The Red Volumes | L Ron Hubbard
The files that the links above lead to have been removed from the cloud service “Mega” after a complaint from the ‘Church’ of Scientology that they are copyright material.
Think about that: Scientology, which claims to be religion, is so afraid of what the general public might think, if they read about official Scientology doctrine and practices, that they use copyright claims to prevent you reading about them. It’s rather like Christians trying to suppress all knowledge of the doctrine of the Trinity outside of the Church. What is Scientology afraid of?
luckily, I still have the files, and will work on another way of making them available. Watch this space!
Scientology has not one, but many holy books – and they were all written by L Ron Hubbard.
A number of Hubbard’s books started life as occasional writings issued to members of the Church and its management. Since his every word was considered by believers to be vitally important, these were later indexed and collected in a large number of bound volumes. Hubbard issued so many “Technical Bulletins” during his life that these collections resemble an old-fashioned encyclopaedia series.
The whole series is divided by subject into three sets – ‘The Red Volumes’, the ‘Green Volumes’ and the ‘Blue Volumes’. The first two are typically available to anyone in a Scientology Org. The Blue Volumes, however contain secret teachings. Scientologists believe that it is potentially dangerous to even read these if you have not been prepared by extensive training, and have been closely guarded.
Today’s link is to a source of the 18 ‘Red Volumes’ or ‘Tech Volumes’. These substantial books are printed in red ink on white paper, and bound in red covers (hence the name). They record, in chronological order, the development of what Scientologists call “The Tech”. This includes Hubbard’s detailed directions concerning:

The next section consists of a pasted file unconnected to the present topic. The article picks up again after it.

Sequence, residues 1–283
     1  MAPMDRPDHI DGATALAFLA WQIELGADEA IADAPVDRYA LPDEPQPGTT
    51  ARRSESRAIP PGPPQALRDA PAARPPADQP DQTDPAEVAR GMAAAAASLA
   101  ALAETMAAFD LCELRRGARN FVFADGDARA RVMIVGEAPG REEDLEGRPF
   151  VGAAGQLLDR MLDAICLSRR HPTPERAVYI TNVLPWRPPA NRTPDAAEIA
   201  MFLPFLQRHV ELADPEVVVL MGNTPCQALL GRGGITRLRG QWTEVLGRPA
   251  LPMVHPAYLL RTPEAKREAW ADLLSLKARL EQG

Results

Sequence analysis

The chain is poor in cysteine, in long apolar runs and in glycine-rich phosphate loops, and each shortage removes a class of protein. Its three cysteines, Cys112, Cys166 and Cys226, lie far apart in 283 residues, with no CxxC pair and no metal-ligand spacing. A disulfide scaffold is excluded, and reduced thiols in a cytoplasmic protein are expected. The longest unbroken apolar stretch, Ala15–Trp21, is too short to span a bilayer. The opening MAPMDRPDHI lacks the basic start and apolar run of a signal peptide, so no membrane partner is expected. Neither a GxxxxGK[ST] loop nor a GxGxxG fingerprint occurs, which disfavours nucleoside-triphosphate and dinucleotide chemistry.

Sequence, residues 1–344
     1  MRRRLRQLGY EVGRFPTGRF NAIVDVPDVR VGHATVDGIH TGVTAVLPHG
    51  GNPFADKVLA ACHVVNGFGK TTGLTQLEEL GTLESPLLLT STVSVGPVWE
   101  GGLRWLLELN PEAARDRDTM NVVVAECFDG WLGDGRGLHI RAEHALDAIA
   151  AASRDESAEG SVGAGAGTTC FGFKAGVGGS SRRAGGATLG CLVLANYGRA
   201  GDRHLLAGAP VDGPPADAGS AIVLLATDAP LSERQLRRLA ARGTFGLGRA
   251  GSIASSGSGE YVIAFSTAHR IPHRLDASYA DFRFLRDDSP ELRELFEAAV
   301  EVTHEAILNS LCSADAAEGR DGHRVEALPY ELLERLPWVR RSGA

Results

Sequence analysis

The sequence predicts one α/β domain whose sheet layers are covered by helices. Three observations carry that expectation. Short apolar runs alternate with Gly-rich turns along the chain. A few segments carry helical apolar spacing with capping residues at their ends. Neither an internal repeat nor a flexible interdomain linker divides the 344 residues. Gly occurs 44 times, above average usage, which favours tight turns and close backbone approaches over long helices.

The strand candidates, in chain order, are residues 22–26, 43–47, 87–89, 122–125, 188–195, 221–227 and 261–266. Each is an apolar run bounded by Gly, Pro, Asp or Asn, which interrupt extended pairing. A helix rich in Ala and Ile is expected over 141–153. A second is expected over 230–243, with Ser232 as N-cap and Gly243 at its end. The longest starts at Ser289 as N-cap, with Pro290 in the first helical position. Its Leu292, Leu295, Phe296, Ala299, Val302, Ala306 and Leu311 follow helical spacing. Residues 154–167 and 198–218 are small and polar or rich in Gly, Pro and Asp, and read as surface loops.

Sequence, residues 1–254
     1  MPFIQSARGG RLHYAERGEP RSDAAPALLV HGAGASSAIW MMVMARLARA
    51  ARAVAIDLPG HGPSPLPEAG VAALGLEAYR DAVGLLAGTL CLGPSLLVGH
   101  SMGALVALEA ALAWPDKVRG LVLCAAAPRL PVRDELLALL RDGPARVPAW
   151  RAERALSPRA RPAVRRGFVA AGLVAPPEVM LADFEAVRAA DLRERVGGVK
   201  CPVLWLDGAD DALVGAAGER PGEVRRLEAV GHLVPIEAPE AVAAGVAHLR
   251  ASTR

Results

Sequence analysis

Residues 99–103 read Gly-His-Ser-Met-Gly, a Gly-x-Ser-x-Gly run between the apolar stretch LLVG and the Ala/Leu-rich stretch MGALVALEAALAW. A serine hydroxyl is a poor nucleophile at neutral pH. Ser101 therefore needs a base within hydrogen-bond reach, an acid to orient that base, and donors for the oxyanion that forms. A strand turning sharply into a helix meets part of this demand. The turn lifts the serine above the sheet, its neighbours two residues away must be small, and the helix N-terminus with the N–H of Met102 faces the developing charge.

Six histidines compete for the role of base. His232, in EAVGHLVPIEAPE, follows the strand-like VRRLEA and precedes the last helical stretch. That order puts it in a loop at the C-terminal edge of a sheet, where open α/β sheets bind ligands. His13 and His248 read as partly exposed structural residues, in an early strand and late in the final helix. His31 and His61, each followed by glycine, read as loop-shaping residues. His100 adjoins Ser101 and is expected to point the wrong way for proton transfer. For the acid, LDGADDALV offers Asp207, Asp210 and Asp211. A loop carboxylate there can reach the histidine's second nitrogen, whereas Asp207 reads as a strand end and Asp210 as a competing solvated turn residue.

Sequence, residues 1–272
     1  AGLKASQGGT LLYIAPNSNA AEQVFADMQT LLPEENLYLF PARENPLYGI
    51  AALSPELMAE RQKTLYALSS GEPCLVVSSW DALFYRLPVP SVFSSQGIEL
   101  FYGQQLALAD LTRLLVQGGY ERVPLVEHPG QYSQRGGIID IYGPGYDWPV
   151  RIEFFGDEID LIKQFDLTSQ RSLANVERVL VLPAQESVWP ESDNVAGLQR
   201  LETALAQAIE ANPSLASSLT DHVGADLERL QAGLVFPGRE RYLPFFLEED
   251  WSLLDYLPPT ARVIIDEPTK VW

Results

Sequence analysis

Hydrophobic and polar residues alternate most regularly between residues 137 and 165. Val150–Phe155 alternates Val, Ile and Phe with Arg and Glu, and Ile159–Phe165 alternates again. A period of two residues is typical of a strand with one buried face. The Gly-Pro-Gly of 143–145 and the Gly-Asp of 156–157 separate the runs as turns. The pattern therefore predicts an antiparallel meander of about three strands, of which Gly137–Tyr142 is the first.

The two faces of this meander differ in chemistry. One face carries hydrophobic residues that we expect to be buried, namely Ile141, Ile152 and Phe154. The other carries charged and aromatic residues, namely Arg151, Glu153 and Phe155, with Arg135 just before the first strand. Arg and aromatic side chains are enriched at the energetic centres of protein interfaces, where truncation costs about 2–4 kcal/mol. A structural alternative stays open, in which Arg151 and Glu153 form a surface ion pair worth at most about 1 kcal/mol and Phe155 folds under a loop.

- ‘Auditing’ – that is, the one-on-one process of neutralising the supposedly long-lasting effects of traumatic memories suffered in this life (and later, also in imagined past lives) which Hubbard claimed to have psychotherapeutic and medical benefits.
- Practices that are supposed to enhance the ability to study, such as word clearing and clay table demonstrations.
- The use of the e-meter. Critics note that this simple electrical device merely measures the electrical resistance of a persons skin. Scientologists believe it measures thought and can be used, with the correct training, to read minds and detect lies.
- Some information about secret ‘OT’ levels.
Although efforts have been made to organise Hubbard’s writings in a rational manner, Hubbard was not a disciplined writer. Whatever the subject, readers can expect extended (often irrelevant) digressions and the use of an often impenetrable jargon. For an outsider (like me) this material is not an easy read.
I would be grateful to any ex-Scientologists who would care to help me understand this material &/or correct any errors I have made in presenting it through the comments (below) or the feedback page.
Hubbard’s own words are a powerful resource for critics. They reveal many deeply unattractive aspects of his personality and teachings (including racism, homophobia, misogyny and an ruthless attitude towards criticism). It is hard for current Scientologists to deny this, when can read it for themselves in the books made available in their own Org.